Tesla just reported lower-than-predicted vehicle deliveries for the third quarter of 2022, marking a substantial decline from the company’s record Q2 numbers. But Wall Street analysts remain optimistic about Tesla’s growth prospects, eyeing an imminent Cybertruck launch and the potential for a strong Q4 rebound.
The headline numbers: Tesla produced 430,488 vehicles and delivered 435,059 in Q3, down 6% from Q2’s figures. Tesla blamed “planned downtimes for factory upgrades” that CEO Elon Musk had warned about. The company delivered 15,985 higher-end Model S and Model X vehicles, along with 419,074 mass-market Model 3 and Model Ys.
Tesla reiterated its goal to deliver around 1.8 million vehicles globally in 2023. But Q3 deliveries fell short of analyst predictions, which averaged around 461,000 according to FactSet. Some estimates had pegged the Q3 delivery figure closer to 455,000 before the official announcement.
Tesla’s Stock Price Dips Slightly
In Monday premarket trading after the delivery announcement, Tesla’s stock price sank around 3% to $242 per share. On Friday, TSLA closed at $250, up 1.6% for the day. Tesla will report full Q3 earnings and hold its quarterly earnings call around October 18, which could spur more significant stock moves.
The lower-than-expected Q3 delivery numbers clearly reflect Tesla’s move to temporarily halt production at some factories for upgrades related to the refreshed Model 3 in China and the upcoming Cybertruck. But slowing output also helped Tesla pare down vehicle inventory levels that had grown too high.
New Upgraded Model Y Launches in China
Coinciding with the Q3 delivery announcement, Tesla launched a slightly updated Model Y crossover SUV in China on Sunday. The base and Long Range variants now tout improved driving range. However, the Model Y faces intensifying competition in China from rival EV crossovers with high specs and often lower prices.
Cybertruck Launch Key for Tesla Bulls
Even before the Q3 letdown, Tesla bulls like influential analyst Dan Ives of Wedbush Securities downplayed the quarter’s delivery figures. Ives argues Tesla is poised for strong growth in Q4 and beyond as the long-awaited Cybertruck finally enters production.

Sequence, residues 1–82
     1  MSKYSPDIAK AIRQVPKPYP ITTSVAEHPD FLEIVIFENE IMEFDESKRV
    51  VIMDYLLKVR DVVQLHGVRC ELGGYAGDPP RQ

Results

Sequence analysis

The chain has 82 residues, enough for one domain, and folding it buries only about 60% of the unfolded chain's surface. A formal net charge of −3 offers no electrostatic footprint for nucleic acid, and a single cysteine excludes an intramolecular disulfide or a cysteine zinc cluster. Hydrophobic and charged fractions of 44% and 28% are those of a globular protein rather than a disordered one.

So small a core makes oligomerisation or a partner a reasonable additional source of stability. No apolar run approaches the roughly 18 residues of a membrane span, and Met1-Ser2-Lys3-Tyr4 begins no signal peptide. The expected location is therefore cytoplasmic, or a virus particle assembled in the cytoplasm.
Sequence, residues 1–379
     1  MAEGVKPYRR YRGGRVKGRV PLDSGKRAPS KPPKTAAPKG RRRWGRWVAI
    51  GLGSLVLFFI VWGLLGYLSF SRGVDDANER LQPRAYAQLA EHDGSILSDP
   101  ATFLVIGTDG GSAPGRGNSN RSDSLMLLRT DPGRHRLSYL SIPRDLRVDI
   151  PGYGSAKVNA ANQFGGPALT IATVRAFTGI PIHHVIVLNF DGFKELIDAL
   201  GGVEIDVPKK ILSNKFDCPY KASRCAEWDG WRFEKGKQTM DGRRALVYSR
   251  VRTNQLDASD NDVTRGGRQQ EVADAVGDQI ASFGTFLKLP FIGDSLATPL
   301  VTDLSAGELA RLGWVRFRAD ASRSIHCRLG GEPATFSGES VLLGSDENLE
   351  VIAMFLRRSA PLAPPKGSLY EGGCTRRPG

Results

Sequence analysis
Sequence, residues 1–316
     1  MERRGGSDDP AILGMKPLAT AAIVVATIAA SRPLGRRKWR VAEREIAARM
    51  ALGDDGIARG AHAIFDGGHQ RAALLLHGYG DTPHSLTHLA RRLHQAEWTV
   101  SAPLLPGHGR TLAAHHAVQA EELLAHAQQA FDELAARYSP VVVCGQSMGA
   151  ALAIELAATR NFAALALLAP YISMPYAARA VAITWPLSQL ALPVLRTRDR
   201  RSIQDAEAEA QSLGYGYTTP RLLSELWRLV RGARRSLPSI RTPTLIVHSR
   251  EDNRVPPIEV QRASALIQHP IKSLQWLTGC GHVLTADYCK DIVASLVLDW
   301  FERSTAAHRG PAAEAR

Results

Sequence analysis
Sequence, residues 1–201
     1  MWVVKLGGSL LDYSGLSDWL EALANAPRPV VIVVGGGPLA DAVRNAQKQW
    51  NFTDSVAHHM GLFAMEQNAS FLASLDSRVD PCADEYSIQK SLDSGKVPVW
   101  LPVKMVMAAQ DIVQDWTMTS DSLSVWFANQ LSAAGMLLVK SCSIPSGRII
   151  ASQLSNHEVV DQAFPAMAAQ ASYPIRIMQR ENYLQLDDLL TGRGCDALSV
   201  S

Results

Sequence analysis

“We are now set to be entering the next stage of growth for Tesla globally with the Model 3 refresh front and center in China and the Cybertruck production set to kick off beginning around Halloween,” Ives wrote last Friday.
But some analysts take a more cautious view. Emmanuel Rosner of Deutsche Bank trimmed his Tesla price target to $285 from $300 last week. Rosner predicted Q3 deliveries around 440,000 and warned of “meaningful downside risk” to 2024 estimates. Deutsche Bank sees 2024 deliveries of just 2.1 million vehicles, below the 2.3 million consensus.
Record Q2 Deliveries Fueled by Discounts
Tesla’s Q3 decline follows a blockbuster Q2, when the company leveraged discounts, tax credits and other incentives to propel deliveries far beyond expectations. Tesla delivered 466,140 vehicles globally in Q2, crushing its prior Q1 record of 422,875. The vast majority were Model 3 and Y crossovers, totaling 446,915.
CEO Elon Musk said during Tesla’s Q2 earnings call that 2023 deliveries should reach about 1.8 million. Consensus analyst forecasts agree, with FactSet predicting 1.84 million Tesla deliveries this year as of late September.
Tesla Stock Showing Signs of Strength
Year to date, Tesla stock is down over 30%. But shares notched a 2.2% gain last week, briefly topping the 50-day moving average line on Friday before pulling back. Decisively clearing the 50-day average could give investors an early entry point.
According to MarketSmith chart analysis, Tesla stock has formed a proper cup-with-handle base, with a buy point currently at $278. Meanwhile, the United Auto Workers strike against Detroit automakers Ford, GM and Stellantis may benefit non-union Tesla.
Among automaker stocks, Tesla ranks fourth by market cap. It boasts a 95 Composite Rating from Investor’s Business Daily, indicating strong technical and fundamental metrics relative to sector peers.
While Tesla’s Q3 delivery figures may disappoint, the electric vehicle leader appears to have plenty of upside potential. With the long-awaited Cybertruck in sight and exciting new technologies on the horizon, Tesla remains a compelling opportunity for patient long-term investors.
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